Rainfall fails to curb Somalia’s food insecurity battle

Mogadishu (Caasimada Online) – On Tuesday, a United Nations-supported report disclosed that about 6.6 million individuals in Somalia are grappling with humanitarian crises or severe food insecurity, even with an improvement in rainfall forecasts and a drop in food prices.

The Integrated Food Security Phase Classification (IPC), an analysis conducted jointly by UN agencies and other collaborators, revealed that Somalia will experience high levels of acute food insecurity until at least June.

Despite the reduced risk of famine during the same timeframe, 39% of the nation’s total population urgently needs humanitarian aid.

The IPC report stated, “Since mid-2021, steeply rising food prices have been one of the main drivers of deteriorating acute food insecurity in most Somali regions.”

The report underscored the importance of additional coordinated funding to avert a further decline in food security and nutrition conditions.

It called for increasing and maintaining high-level, multi-sectoral humanitarian assistance—including food security, nutrition, health, and WASH interventions—through at least June 2023 and potentially through late 2023.

Child malnutrition remains a concern

The IPC report confirmed the previously estimated total burden of acute malnutrition among children under five.

Around 1.8 million Somali children are expected to face acute malnutrition between January and December 2023, with 477,700 projected to experience severe malnutrition.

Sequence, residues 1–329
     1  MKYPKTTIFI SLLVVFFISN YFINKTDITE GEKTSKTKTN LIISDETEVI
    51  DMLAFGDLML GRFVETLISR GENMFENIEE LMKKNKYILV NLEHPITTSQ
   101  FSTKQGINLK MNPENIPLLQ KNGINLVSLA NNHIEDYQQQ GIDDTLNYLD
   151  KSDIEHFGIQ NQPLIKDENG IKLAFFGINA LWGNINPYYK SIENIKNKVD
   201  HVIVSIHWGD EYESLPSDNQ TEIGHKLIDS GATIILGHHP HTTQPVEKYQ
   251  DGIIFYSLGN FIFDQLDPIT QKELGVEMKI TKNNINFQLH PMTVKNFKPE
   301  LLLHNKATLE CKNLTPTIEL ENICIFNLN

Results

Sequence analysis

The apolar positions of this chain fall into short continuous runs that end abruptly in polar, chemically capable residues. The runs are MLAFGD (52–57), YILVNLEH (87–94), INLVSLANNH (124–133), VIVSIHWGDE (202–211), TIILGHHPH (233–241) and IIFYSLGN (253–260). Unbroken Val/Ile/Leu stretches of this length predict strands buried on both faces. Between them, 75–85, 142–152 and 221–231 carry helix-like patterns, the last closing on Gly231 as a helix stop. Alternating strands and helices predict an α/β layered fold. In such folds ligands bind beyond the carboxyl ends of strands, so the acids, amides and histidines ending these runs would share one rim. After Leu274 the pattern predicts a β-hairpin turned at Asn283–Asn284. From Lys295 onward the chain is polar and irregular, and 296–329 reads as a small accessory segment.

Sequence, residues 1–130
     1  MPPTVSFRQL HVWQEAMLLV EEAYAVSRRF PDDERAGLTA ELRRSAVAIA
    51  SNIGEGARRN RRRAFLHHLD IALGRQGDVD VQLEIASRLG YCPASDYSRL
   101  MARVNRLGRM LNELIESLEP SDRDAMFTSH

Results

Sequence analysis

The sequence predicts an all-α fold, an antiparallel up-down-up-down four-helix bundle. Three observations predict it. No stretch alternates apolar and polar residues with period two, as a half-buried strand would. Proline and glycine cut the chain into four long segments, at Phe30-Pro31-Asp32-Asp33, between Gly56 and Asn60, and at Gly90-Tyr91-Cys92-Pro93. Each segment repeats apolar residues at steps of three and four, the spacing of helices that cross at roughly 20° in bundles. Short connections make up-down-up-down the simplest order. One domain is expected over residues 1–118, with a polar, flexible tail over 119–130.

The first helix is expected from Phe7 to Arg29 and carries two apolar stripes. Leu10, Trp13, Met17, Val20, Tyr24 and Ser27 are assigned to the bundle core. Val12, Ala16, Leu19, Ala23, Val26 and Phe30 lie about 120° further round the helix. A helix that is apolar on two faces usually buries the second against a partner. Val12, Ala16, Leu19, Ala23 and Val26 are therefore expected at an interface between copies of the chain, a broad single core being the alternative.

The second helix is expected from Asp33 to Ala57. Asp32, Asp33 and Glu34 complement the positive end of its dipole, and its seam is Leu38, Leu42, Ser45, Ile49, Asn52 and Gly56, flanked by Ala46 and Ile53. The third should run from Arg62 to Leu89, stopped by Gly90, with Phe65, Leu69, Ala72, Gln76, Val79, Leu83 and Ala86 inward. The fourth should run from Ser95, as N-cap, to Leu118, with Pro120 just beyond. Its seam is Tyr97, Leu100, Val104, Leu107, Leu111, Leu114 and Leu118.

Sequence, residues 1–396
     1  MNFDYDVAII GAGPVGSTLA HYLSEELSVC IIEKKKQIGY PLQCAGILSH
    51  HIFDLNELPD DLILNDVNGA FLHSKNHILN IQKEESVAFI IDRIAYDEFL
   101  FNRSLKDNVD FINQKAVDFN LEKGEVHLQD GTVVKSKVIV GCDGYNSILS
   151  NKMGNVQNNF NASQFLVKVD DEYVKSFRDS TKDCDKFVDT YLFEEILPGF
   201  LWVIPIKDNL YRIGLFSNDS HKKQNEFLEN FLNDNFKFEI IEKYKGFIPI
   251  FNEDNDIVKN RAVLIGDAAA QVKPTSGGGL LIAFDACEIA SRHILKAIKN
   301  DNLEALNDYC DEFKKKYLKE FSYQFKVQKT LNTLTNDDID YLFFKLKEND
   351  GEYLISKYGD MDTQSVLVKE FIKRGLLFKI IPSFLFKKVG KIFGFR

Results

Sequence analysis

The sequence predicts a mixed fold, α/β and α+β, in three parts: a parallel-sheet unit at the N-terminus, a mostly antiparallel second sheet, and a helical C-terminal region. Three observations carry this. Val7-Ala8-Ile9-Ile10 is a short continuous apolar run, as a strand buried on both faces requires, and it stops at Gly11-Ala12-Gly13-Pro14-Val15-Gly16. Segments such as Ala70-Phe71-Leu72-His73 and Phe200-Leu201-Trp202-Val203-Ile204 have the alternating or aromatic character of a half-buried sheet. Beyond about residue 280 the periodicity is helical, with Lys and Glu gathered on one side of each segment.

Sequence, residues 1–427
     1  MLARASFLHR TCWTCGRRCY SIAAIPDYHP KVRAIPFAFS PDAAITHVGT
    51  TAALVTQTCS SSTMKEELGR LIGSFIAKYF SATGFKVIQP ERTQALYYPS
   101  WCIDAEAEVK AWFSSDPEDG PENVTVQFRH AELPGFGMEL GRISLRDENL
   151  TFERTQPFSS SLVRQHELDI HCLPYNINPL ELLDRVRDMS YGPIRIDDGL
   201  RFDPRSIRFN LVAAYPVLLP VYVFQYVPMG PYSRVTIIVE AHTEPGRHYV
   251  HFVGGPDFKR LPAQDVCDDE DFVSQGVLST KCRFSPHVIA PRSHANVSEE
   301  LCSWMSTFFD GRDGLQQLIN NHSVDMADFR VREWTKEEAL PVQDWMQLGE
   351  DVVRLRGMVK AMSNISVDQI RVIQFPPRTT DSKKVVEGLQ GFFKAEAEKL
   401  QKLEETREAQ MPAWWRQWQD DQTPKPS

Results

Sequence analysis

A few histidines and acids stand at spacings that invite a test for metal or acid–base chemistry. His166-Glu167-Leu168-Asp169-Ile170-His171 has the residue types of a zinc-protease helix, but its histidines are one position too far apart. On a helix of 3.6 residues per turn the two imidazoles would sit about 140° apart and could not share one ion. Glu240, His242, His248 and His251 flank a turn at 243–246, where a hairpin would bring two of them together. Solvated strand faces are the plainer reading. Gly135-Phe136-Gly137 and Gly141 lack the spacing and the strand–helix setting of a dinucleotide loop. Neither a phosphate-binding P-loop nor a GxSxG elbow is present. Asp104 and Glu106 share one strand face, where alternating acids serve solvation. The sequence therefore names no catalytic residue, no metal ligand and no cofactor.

The report emphasized the necessity of enhancing humanitarian access and coverage in regions affected by insecurity and conflict to reach the most vulnerable populations.

The report suggested, “Offering timely support to impoverished farmers to capitalize on the ongoing Gu season rainfall is recommended.”

Furthermore, it mentioned the need for complementary recovery and developmental assistance to tackle the root causes of acute food insecurity and malnutrition and to rebuild livelihoods.

Rainfall forecasts improve

According to the IPC report, an updated forecast for the April to June Gu season indicates relatively better seasonal rainfall across most parts of Somalia compared to earlier predictions.

However, floods triggered by heavy rainfall and overflowing rivers in March have affected areas like Gedo and other southern Somali regions.

These floods have caused casualties, displaced tens of thousands, and destroyed property.

The report cautioned that the risk of flooding could escalate if heavy rainfall continues in Somalia and the upper catchments of the Shabelle and Juba rivers in southeastern Ethiopia.